Letter: Negotiating goalposts shifty
To the editor:
Re: The current FortisBC labour dispute, whereby Fortis has locked out close to 200 of their IBEW union members.
I take exception to the comments made by FortisBC communications director Joyce Wagenaar in recent media statements: “Of course (FortisBC) remains committed to negotiating and being available to return to the bargaining table,” Wagenaar explains. “We’d like to resolve this for our employees and our customers.”
Since FortisBC locked out their employees at the end of June, each time since that they have participated in any negotiation sessions, they have added new concessions for the union to address before a settlement can be reached.
My question is why? How can the two sides ever reach an agreement, when Fortis keeps moving what the end goal looks like?
As a public company, FortisBC is certainly entitled to run its business any way they see fit. However, if FortisBC truly wanted to resolve this dispute, they would negotiate a settlement based only on the issues that were on the table at the original time of lockout, rather than upping the ante each time they discuss resolving this labour dispute.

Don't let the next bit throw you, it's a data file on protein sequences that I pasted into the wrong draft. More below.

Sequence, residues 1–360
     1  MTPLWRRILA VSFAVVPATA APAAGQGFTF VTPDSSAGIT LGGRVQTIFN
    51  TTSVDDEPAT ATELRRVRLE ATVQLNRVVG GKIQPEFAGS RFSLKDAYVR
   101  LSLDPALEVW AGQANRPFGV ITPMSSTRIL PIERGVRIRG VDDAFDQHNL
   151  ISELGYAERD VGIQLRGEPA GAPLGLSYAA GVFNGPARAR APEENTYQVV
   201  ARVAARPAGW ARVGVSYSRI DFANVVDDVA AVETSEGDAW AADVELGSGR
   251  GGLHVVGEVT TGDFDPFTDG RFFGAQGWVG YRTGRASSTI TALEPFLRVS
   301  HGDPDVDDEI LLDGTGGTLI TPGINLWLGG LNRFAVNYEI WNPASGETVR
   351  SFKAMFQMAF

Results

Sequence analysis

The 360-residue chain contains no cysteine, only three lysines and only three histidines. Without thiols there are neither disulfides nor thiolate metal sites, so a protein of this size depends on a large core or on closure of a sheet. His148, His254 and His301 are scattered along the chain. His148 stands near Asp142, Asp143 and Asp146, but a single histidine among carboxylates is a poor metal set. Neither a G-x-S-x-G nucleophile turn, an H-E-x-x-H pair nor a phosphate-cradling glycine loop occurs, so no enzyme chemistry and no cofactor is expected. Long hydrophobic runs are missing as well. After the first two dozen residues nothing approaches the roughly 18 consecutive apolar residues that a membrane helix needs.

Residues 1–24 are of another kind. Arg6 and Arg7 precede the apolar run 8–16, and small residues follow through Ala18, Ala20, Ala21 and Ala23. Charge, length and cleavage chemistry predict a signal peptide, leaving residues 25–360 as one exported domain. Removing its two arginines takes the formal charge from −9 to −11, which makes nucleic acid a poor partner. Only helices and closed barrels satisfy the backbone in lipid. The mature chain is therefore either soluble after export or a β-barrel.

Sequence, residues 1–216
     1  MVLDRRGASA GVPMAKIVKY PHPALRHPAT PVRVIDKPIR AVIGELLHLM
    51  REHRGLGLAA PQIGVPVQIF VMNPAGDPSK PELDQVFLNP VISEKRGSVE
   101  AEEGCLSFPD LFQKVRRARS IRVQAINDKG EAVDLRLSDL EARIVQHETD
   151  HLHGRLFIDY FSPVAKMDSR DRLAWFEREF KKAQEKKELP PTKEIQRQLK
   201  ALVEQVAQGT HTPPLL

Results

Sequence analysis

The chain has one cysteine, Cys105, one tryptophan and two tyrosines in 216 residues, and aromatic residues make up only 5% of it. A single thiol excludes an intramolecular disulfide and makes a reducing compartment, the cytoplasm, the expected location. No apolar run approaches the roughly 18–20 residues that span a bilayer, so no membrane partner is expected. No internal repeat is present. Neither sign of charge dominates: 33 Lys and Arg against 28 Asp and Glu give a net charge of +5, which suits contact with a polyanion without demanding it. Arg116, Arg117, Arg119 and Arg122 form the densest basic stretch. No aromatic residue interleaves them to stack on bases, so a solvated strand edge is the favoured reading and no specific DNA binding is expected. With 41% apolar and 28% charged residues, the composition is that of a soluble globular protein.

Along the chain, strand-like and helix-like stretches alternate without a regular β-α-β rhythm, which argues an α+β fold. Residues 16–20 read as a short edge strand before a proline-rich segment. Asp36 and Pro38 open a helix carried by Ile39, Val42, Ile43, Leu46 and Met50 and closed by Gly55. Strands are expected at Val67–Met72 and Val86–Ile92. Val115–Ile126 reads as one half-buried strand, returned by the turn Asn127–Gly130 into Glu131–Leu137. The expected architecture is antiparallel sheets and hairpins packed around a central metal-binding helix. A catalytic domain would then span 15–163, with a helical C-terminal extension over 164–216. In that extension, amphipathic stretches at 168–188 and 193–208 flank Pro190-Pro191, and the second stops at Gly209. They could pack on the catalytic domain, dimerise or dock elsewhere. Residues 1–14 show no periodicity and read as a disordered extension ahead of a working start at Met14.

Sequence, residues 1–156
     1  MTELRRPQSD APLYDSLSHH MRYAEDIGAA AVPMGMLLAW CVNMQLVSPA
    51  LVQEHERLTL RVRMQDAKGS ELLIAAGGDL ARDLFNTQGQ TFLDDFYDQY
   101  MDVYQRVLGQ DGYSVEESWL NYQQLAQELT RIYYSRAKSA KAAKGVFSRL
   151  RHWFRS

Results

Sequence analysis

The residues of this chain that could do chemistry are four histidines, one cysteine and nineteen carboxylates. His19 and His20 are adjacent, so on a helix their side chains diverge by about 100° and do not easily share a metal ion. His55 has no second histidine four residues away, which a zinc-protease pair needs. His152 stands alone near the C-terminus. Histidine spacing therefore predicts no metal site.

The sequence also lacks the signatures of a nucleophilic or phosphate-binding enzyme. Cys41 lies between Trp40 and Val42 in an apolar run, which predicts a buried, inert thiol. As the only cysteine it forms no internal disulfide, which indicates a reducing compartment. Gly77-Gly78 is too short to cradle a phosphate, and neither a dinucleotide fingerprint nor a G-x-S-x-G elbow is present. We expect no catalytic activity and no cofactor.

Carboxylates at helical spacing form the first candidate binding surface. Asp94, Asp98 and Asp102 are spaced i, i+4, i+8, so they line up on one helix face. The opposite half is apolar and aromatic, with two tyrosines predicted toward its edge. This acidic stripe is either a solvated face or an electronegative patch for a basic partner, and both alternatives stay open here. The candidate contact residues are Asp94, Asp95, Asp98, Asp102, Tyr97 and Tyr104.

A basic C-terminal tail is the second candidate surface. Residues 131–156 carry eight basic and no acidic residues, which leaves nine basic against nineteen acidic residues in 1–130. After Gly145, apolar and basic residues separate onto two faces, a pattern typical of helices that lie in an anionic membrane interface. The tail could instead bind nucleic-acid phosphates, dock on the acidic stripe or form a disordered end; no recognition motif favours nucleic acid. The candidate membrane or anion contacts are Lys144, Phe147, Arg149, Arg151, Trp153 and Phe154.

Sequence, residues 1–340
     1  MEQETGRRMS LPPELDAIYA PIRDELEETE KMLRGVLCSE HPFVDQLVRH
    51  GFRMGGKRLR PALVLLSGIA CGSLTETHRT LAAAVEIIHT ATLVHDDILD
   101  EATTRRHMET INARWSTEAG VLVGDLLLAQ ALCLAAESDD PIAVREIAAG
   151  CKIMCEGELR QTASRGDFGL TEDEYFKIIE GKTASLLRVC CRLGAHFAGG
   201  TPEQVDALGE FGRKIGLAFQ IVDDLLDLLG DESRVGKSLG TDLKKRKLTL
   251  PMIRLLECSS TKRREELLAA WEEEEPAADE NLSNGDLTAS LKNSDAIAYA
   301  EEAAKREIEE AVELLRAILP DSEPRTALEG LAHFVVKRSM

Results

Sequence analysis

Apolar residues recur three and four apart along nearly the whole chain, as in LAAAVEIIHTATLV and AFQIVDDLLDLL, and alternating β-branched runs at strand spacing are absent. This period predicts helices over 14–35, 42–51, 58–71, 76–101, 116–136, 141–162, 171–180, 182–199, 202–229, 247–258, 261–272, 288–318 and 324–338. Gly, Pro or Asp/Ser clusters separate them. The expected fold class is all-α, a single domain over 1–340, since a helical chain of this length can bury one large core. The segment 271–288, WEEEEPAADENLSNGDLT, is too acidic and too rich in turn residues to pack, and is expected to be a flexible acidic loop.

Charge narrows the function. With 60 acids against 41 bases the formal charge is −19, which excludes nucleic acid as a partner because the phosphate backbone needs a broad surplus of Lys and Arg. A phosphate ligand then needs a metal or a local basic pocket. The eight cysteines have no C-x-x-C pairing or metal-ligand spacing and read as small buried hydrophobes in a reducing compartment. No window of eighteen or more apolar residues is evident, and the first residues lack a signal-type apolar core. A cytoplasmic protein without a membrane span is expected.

From my third party observation FortisBC likes the savings they’re realizing from having their employees locked out. If they truly wanted to negotiate a settlement, they could lift the lockout order and let the employees return to work while discussing a contract and/or ensure the only issues on the table are what were there in June.